The dominant purple line at the top is the volatility of the oil price, which, as you’d expect, was all over the place during 2021. But what I find astonishing is that sometimes the volatility of China ETF’s (the green line) was greater than that of the oil price – I counted four times where the China ETF vol exceeded oil. If that doesn’t put off most long-term investors in China, I don’t know what will. Another interesting observation is that the blue line – S&P 500 volatility – largely kept track with gold price volatility. Sure, equities were more volatile, as you would expect, but not by THAT much. And again there were numerous times when equity market volatility dipped BELOW gold volatility for days on end. One doesn’t have to be a cynic to wonder whether this market behavior is a tad strange.

Lithium prices

2021 was the year the batteries and battery power hogged the news headlines. Much as I like to be a contrarian, I’m not sure 2022 will be any different. The chart below is from S&P and shows the rapid rise in lithium hydroxide and carbonate prices.  Lithium carbonate prices in China extended their rally to 250,000 yuan per tonne in December, finishing the year on another all-time high, an unbelievable increase of over 400% since January. Prices were driven up throughout the year amid imbalances between current global supply levels and the metal’s surging demand.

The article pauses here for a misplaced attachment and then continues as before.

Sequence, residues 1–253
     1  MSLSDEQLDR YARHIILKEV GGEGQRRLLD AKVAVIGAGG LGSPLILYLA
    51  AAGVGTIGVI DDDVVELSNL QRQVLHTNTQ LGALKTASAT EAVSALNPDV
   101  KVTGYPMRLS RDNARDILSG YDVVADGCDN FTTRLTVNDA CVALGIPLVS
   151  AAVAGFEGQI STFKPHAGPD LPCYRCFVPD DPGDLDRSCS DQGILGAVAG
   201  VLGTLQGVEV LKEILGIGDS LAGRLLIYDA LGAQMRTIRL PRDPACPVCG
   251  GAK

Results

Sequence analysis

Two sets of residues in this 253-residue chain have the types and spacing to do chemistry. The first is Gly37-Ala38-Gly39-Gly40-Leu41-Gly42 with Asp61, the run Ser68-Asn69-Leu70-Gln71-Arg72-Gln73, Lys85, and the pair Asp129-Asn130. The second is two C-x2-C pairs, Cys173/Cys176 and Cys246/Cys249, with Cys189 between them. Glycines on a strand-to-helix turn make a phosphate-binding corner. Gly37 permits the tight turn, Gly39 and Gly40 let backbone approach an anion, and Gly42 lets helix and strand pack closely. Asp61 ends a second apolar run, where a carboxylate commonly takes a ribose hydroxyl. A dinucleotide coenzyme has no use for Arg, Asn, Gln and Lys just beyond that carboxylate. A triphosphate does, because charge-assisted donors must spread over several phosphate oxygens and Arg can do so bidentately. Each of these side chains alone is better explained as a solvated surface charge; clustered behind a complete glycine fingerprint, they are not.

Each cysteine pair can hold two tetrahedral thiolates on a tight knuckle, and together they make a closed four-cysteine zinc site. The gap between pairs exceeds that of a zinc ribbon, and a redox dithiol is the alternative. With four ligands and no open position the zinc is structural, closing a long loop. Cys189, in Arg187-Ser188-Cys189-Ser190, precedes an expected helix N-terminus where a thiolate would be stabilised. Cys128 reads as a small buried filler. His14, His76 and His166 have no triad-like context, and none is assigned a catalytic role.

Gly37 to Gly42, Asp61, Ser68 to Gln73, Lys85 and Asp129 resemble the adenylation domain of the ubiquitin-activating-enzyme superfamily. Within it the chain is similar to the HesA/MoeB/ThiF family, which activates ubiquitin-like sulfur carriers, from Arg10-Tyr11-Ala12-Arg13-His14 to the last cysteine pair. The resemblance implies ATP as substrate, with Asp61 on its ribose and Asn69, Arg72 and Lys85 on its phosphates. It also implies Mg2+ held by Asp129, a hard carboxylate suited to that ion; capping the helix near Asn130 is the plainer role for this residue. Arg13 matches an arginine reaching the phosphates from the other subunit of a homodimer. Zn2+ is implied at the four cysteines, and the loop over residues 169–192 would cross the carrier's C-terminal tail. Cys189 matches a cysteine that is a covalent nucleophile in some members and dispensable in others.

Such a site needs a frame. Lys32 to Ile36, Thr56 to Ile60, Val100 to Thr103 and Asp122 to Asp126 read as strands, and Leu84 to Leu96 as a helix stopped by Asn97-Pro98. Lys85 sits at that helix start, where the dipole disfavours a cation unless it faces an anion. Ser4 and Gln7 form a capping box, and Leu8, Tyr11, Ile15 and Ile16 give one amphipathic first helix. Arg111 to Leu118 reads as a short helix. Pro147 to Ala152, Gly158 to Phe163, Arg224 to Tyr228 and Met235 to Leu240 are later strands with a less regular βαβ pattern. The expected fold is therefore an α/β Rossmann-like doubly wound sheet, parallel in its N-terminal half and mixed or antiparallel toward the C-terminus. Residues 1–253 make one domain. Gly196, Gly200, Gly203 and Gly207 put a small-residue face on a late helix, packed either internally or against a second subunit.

According to Nick Lawson of Ocean Wall, an investment advisory service based in London working with hedge funds and family offices Pilbara Minerals – one of Australia’s biggest lithium producers – finished 2021 by slashing its shipping forecasts – further exacerbating the tight supply. S&P Global are forecasting a 5,000 mt LCE deficit for 2022 – compared to a surplus of 66,000 mt for 2020 and 8,000 mt deficit for 2021.

Lawson at Ocean Wall reckons this supply cut will help keep prices high for the foreseeable future.

“Electric vehicle deliveries in China are expected to total 3 million units this year, more than double last year, and forecasts point to more than 5 million sales in 2022. Meanwhile, bets on long-term scarcity of the light metal set EV manufacturers to race each other for long-term contracts, as lithium miners compete for contracts and face continued opposition from environmental groups….And where do lithium prices go from here? With LCE at an all-time high we are now in new territory. With a significant lithium deficit hanging over the market for the foreseeable future and demand only increasing it’s hard to see prices going down, so the question must be just how high will they go? Lithium properties are being bought for production development at a rapid pace, but it can take up to 5 years for a project to go into production. So, these properties are not likely to having any impact on supply for 2-5 years. “

Weekly dashboard

Every week, I’ll start with a dashboard of key measures. There’s no science behind this – it’s just the range of measures that I use to work out whether the markets look cheap, over-priced, or anything in between. In box 1 below, I’ve provided some of the explanations behind the measures used in the table.


My opinion: US equities (and therefore, the rest of the developed world) still look bullish BUT less so than last week. That US sell-off adds a note of caution and VIX volatility is rising. Note that the US markets are now below the 20 day MA but UK equities remain bullish. The govie spread is also falling closer to zero.